Kinross Provides Updates on Bald Mountain, Tasiast and Maricunga

Kinross plans to develop two sets of deposits at Bald Mountain, which is the largest mine site in the U.S. by area. These include the Vantage Complex and Yankee
pits in the South area and the Saga and Duke pits in the North area. (Photos: Kinross Gold)
Kinross Gold gave updates on the operating status of its Bald Mountain mine in Nevada, Tasiast mine in Mauritania, Maricunga mine in Chile: At Bald Mountain, Kinross has received a record of decision (RoD) from the U.S. Bureau of Land Management allowing increased exploration activities and a potential expansion of the mine. The RoD provides flexibility for future growth, including the potential addition of heap leach capacity and a carbon adsorption plant, beyond what is required in the current mine plan. The decision also allows the company to complete a modest infill and metallurgical drilling program and to construct and operate new facilities in the North and South areas of the Bald Mountain land package.

Kinross is focused on developing two sets of deposits at Bald Mountain: the Vantage Complex and Yankee pits in the South area and the Saga and Duke pits in the North area. Developing these deposits has the potential to substantially increase Bald Mountain’s current reserve estimate of 1.1 million oz of gold and to extend the mine’s life.

At Tasiast, Kinross resumed normal mining and processing operations in mid-August, following a temporary suspension caused by an expatriate work-permit issue. The company has also awarded two major construction contracts for earthworks and concrete works for the Tasiast Phase One expansion project. Kinross and the government of Mauritania resolved the expatriate work permit issue as part of reaching a mutually acceptable “Mauritanization” plan to increase the number of local workers who have the necessary skills and experience to work at Tasiast, a requirement under Mauritanian law.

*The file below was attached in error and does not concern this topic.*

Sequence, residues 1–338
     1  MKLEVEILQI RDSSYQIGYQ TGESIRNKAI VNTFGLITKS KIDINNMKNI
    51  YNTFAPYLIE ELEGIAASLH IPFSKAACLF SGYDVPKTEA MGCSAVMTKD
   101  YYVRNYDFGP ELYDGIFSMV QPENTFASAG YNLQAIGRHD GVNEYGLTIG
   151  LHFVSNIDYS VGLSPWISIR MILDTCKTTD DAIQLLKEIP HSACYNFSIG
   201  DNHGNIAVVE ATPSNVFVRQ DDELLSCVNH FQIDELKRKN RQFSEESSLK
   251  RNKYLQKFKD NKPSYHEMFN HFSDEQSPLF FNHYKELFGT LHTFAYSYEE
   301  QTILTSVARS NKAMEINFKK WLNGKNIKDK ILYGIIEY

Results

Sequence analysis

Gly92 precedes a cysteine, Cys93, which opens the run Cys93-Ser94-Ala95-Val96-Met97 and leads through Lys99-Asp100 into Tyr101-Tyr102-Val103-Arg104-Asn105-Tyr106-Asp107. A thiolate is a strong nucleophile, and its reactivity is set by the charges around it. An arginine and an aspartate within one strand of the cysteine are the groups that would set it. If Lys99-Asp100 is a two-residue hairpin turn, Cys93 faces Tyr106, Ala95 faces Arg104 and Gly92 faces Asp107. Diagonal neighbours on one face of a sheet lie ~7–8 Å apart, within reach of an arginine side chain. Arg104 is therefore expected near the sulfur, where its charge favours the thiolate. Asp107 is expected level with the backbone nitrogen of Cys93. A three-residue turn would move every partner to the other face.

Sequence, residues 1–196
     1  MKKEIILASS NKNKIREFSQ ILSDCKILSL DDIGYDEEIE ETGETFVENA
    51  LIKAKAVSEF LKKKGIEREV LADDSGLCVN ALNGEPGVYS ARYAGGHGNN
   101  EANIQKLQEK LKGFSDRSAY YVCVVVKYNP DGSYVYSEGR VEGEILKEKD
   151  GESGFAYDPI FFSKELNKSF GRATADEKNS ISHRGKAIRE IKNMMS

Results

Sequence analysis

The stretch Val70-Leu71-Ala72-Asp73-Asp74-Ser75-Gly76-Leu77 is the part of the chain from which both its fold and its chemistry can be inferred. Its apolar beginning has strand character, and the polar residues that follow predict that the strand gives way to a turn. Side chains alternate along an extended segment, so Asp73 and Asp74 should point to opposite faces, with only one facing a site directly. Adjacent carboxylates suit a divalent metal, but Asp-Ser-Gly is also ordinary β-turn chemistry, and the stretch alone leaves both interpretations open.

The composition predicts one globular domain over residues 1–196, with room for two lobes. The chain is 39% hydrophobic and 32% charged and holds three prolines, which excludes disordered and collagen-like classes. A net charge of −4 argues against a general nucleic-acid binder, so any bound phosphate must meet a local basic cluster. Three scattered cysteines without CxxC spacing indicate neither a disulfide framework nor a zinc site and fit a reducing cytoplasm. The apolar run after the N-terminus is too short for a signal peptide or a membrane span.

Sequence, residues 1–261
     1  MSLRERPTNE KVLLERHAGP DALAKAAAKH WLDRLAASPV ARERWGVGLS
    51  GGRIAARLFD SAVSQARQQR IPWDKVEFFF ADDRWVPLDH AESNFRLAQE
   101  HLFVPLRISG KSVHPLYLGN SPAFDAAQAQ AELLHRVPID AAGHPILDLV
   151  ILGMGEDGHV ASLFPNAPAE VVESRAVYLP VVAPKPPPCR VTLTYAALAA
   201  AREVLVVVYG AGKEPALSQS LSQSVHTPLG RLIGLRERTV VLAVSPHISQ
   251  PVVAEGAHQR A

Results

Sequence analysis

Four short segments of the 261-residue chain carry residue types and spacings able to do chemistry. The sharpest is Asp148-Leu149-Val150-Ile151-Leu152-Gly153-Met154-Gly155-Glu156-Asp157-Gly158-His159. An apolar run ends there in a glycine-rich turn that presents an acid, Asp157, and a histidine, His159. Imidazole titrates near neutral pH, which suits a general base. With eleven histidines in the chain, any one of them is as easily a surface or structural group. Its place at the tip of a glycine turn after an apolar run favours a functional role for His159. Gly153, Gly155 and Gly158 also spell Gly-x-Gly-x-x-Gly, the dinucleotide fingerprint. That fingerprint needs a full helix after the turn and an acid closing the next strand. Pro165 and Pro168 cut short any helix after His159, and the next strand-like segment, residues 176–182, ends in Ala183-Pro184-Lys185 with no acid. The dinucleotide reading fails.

At Maricunga, Kinross has suspended mining and curtailed processing operations. The cutbacks were implemented after a judicial decision concluded that the Chilean environmental regulatory authority’s (SMA’s) revised June 24 sanction was enforceable. The sanction, among other things, substantially reduced water pumping at Maricunga.

Kinross said it continues to oppose the SMA’s actions and has various appeals pending with Chile’s Environmental Tribunal.

The Atacama Region, where Maricunga is located, has suffered from a protracted drought for many years, resulting in a drop in groundwater levels across the region that is unrelated to the mine’s operations. As a result of the suspension, Kinross is reducing its mining and crushing workforce at Maricunga by approximately 300 employees. The company will continue to explore further permitting efforts and review the operation and its mineral resource model to consider possible options for re-starting mining.

At December 31, 2015, the Maricunga mine had estimated proven and probable mineral reserves of 1.042 million oz, estimated measured and indicated mineral resources of 4.275 million oz, and estimated inferred mineral resources of 1.053 million oz of gold.

The suspension at Maricunga is not expected to affect Kinross’s 2016 production and cost guidance, which stands at 2.7 million to 2.9 million gold equivalent oz produced at all-in sustaining costs of $890 to $990/oz.

As featured in Womp 2016 Vol 10 -